Brendan's Reviews > The Turn of the Screw

The Turn of the Screw by Henry James
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Mar 12, 12

Read from March 06 to 12, 2012

Not entertaining in the ways we expect our contemporary literature to entertain us, this book is an exercise in calibrated syntax as a portrayal of consciousness. By which I just mean: the way the sentences move shows us the ways the narrator's mind moves, and that's harder for a writer to do than it sounds. The narrator's clusterfuck of thoughts is the story here; the ghosts are MacGuffins. We get the sense that if it weren't for the setting's sordid recent history, the narrator would just find something else to go bonkers about.

What matters, what to read for, is James's use of obsessively fussy eddies of syntax to show us the ways a person almost willfully gets lost in her own mind, and how that distorts her view of the world, and how that creates a feedback loop of craziness -- and more importantly, the variety of ways he finds to convince us not to trust his narrator, despite (and because of) her endless, desperate grasps at convincing us of her credibility.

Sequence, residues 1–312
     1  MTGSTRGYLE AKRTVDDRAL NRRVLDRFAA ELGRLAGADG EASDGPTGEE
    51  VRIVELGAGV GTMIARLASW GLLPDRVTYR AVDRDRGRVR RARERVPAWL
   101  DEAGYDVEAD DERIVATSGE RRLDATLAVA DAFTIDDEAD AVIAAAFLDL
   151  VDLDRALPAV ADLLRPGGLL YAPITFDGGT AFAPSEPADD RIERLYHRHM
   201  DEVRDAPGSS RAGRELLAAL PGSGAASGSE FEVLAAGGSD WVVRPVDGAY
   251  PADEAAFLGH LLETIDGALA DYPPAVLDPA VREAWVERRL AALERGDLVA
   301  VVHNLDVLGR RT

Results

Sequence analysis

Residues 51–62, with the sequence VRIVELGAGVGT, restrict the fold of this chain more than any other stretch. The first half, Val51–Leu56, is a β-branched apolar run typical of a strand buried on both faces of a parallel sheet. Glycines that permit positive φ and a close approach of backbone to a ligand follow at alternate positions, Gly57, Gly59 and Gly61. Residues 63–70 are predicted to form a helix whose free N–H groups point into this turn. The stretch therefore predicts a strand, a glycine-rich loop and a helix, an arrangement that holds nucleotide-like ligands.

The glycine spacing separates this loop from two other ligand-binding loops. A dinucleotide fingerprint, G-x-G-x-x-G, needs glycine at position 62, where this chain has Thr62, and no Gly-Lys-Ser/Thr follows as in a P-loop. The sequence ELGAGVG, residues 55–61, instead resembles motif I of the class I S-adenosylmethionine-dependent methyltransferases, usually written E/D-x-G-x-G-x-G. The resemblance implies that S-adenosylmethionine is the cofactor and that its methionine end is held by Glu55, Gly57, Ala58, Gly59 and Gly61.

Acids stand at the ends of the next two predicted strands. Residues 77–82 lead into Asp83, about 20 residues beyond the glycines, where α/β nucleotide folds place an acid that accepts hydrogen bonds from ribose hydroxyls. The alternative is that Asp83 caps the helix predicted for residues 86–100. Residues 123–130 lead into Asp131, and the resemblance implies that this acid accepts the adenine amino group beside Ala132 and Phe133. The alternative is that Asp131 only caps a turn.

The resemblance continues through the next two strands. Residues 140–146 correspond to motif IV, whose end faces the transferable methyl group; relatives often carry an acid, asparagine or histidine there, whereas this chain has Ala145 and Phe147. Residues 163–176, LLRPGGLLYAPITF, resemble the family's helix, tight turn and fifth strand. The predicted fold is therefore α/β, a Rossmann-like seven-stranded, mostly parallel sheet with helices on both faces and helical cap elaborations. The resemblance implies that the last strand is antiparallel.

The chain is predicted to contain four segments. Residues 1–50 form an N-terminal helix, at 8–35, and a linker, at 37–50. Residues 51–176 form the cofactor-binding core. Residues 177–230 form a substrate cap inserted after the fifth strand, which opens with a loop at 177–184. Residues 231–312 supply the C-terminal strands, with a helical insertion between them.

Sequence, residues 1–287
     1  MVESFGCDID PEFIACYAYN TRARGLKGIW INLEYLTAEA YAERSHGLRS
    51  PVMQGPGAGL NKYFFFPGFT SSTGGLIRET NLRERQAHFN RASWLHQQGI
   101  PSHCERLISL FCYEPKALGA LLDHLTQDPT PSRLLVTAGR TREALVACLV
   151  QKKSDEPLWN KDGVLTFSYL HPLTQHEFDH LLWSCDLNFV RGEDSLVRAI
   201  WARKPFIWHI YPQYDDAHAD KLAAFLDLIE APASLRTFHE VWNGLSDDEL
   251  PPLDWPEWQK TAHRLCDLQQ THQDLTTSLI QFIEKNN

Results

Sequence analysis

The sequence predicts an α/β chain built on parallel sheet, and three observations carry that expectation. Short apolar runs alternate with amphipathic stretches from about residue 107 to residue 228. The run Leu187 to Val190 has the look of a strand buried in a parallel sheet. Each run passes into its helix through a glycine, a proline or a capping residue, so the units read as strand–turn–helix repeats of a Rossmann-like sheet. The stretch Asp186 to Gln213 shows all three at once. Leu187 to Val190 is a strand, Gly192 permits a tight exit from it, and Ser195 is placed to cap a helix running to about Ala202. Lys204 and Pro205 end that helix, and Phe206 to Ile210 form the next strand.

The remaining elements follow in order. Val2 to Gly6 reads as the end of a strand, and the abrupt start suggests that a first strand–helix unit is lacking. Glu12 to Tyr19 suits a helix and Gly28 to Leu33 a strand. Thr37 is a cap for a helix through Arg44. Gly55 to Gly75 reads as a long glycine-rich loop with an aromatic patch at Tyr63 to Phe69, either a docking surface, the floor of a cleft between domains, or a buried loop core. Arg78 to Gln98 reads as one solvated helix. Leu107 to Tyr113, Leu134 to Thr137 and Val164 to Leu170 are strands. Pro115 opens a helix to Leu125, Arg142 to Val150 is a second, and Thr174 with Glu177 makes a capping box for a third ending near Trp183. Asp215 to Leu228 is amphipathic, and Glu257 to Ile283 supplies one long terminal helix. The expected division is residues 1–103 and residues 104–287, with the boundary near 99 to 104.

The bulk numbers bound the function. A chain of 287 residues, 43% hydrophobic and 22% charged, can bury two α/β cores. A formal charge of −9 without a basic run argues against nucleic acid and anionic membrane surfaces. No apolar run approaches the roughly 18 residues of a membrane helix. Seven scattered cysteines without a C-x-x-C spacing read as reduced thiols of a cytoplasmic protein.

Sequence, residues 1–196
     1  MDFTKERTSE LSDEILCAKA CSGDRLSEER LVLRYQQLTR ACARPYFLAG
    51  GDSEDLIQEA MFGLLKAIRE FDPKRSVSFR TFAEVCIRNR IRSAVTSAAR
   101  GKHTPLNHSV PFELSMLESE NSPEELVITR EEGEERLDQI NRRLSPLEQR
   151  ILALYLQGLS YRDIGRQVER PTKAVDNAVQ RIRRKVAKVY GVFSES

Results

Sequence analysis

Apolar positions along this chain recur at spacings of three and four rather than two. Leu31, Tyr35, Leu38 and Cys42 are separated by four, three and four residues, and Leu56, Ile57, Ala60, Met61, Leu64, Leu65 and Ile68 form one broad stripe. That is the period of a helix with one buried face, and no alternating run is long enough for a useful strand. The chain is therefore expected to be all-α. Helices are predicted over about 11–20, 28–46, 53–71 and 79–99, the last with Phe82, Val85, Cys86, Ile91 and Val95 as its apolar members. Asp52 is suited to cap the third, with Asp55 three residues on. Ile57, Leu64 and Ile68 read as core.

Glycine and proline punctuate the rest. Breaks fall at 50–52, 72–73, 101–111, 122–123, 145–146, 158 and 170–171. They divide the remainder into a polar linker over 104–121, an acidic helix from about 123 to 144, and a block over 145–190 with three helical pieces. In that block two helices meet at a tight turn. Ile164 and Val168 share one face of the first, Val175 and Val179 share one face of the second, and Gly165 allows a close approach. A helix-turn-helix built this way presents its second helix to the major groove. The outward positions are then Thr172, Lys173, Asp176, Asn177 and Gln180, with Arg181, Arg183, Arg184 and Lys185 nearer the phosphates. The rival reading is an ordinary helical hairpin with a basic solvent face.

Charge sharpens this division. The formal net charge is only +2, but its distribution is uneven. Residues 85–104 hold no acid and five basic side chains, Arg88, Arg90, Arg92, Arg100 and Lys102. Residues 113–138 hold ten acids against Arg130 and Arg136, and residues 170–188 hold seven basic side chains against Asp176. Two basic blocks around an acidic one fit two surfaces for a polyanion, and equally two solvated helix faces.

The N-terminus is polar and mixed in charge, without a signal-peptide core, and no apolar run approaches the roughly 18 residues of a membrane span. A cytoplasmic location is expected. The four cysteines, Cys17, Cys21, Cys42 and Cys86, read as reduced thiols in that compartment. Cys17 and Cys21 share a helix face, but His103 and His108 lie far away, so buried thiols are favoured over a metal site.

If that doesn't sound like a whole lot of fun to read, that's because it's mostly not. But those of us who have ever, even for a moment, gone a little bit crazy, or jealous, or insecure, have attributed motives without proof, put thoughts in people's minds or words in their mouths -- those of us who laughed at that Onion article, "Women Always Answer Their Phones Unless They're Having Great Sex With Someone Else" -- we can recognize, maybe a little uncomfortably, a shade of ourselves in this story, and maybe appreciate James's acute syntactical portrait of that universal strain of crazy.
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